Kennesaw State graduate cultivates awareness of hunger, food insecurity
KENNESAW, Ga. (May 12, 2021) — Artis Trice became dedicated to the issues of community hunger and food insecurity while he was a student at Kennesaw State University, and he will continue that commitment well beyond the graduation day he’s celebrating this week.
Trice is one of only 18 recipients nationwide of a 2021-22 Bill Emerson National Hunger Fellowship, a yearlong program through the Congressional Hunger Institute. Beginning this summer, he will work for six months with a community organization dealing with food security at the local level and then spend six months in Washington, D.C., with a policy organization or federal agency to conduct research and support anti-hunger policy on the national level.
“It feels incredible to know that I’m going to continue doing impactful and meaningful work toward ensuring that food is available and accessible to people in any community,” said Trice, an Honors student who earned his geography degree this week. “I am looking forward to going to other communities and learning their mitigation strategies and hopefully being able to bring those back with me to the Atlanta area.”
Trice credits Kennesaw State for sparking his interest through classes in the Department of Geography and Anthropology and different volunteer opportunities. For example, students were required to log service-learning hours for geography professor Vanessa Slinger-Friedman’s local and global sustainability class, and Trice began doing volunteer work at a community garden in Marietta that he continues to this day.
Also, for his research methods class with geography professor Paul McDaniel, Trice conducted a research project about the impact that community gardens can have on poverty and food insecurity. He presented his research at KSU’s Symposium of Student Scholars and later shared it with senators and representatives in the Georgia Legislature.
“Artis will make a difference in this world. Indeed, he already has,” said Michelle Miles, Kennesaw State’s director of national and international scholarships and fellowships. “He wants to contribute in a fashion that not only alleviates suffering and injustice, but simultaneously fosters health, growth and potential in others. Artis is unforgettable.”
The Emerson Fellowship is the latest national recognition for Trice, who previously was awarded a $10,000 Live Más Scholarship from the Taco Bell Foundation toward his goal for everyone in the Atlanta area to have adequate access to nourishing food. As a sophomore, Trice was named a Newman Civic Fellow and studied abroad in the Dominican Republic, participating in a public health education program.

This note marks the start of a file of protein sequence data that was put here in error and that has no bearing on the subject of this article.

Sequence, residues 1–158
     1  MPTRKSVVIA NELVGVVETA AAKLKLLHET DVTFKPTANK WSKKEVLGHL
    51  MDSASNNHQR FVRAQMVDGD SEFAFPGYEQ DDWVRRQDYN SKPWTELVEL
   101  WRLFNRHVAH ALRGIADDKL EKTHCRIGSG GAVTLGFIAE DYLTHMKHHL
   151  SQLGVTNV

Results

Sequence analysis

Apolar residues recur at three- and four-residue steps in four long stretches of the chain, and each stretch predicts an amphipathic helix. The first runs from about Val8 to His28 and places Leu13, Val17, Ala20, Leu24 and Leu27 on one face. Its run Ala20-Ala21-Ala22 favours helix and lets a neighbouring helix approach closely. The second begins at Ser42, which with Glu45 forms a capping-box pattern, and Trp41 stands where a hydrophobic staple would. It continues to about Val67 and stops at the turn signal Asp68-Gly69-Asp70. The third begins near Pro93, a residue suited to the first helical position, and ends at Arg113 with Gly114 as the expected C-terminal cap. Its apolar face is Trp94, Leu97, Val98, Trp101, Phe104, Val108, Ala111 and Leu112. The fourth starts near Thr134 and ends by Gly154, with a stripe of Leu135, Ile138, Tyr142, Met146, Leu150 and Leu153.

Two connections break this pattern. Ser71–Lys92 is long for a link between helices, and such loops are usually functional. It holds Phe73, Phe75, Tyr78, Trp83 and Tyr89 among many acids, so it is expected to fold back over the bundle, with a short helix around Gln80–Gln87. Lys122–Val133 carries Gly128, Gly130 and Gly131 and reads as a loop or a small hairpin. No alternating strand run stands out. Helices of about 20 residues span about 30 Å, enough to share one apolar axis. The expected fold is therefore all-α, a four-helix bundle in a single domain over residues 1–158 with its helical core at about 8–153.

Trice also took part in a virtual study abroad this semester through KSU Journey Honors College, learning about Costa Rica’s history, tourism and conservation efforts. Meanwhile, he was involved in several campus organizations, as president of both the Geography Club and the Caribbean Student Association (CaribSA), vice president of the Spanish Club, and a member of KSU’s chapter of Gamma Theta Upsilon international geographical honor society.
“I don’t think that these experiences and these connections and this supportive community that I’ve been able to be a part of at Kennesaw State would’ve existed at any other university,” Trice said. “Being at KSU has been unique and transformational for me because I’ve learned so much about myself and about the field that I want to go into. Everything has worked together to give me the tools that I need to be successful.”
Trice has been active in other volunteer efforts in addition to his work on hunger and food insecurity, such as serving as an interpreter to translate from Spanish to English at a local elementary school’s parent-teacher conference night. As positive cases surged in the U.S. during the pandemic, Trice was part of a group of KSU geography and geospatial sciences students, faculty and alumni who volunteered to collect and update data for an online map of COVID-19 testing locations nationwide.
His passion, though, remains working to address the need for people to have access to food, particularly in and around Atlanta. Trice said that he has a personal motivation to “bring a lot of light and support to these issues” because he has seen food insecurity firsthand while living in the Atlanta suburb of Ellenwood.
“There is no reason that people should be hungry in this country, or any country,” Trice said. “I am hopeful that, having this academic background and being able to work within communities and volunteering, I will go forth to really make a change in a lot of people’s lives.”
– Paul Floeckher
Photos by Jason Getz
Video by Demenia Cunningham
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A leader in innovative teaching and learning, Kennesaw State University offers close to 200 undergraduate, graduate and doctoral degrees to its more than 41,000 students. With 11 colleges on two metro Atlanta campuses, Kennesaw State is a member of the University System of Georgia and the second-largest university in the state. The university’s vibrant campus culture, diverse population, strong global ties and entrepreneurial spirit draw students from throughout the region and from 126 countries across the globe. Kennesaw State is a Carnegie-designated doctoral research institution (R2), placing it among an elite group of only 6 percent of U.S. colleges and universities with an R1 or R2 status. For more information, visit kennesaw.edu.